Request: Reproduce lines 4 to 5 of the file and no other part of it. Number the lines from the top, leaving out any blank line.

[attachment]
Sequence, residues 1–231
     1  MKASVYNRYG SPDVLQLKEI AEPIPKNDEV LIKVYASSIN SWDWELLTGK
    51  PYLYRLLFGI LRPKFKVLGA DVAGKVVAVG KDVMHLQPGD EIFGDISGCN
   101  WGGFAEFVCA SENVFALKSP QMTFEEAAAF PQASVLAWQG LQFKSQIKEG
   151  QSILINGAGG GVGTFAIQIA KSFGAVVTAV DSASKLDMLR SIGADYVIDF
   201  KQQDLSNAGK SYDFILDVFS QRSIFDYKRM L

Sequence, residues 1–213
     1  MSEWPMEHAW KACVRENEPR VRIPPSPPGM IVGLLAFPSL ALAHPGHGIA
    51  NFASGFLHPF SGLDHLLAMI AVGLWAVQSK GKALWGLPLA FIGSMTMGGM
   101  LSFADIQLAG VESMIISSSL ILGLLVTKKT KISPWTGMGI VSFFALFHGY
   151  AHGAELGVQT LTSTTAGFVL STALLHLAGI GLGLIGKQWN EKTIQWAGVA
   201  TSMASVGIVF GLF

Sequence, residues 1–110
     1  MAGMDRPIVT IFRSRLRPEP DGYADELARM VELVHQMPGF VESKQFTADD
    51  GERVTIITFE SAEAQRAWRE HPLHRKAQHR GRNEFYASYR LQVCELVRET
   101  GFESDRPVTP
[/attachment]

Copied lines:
   101  WGGFAEFVCA SENVFALKSP QMTFEEAAAF PQASVLAWQG LQFKSQIKEG
   151  QSILINGAGG GVGTFAIQIA KSFGAVVTAV DSASKLDMLR SIGADYVIDF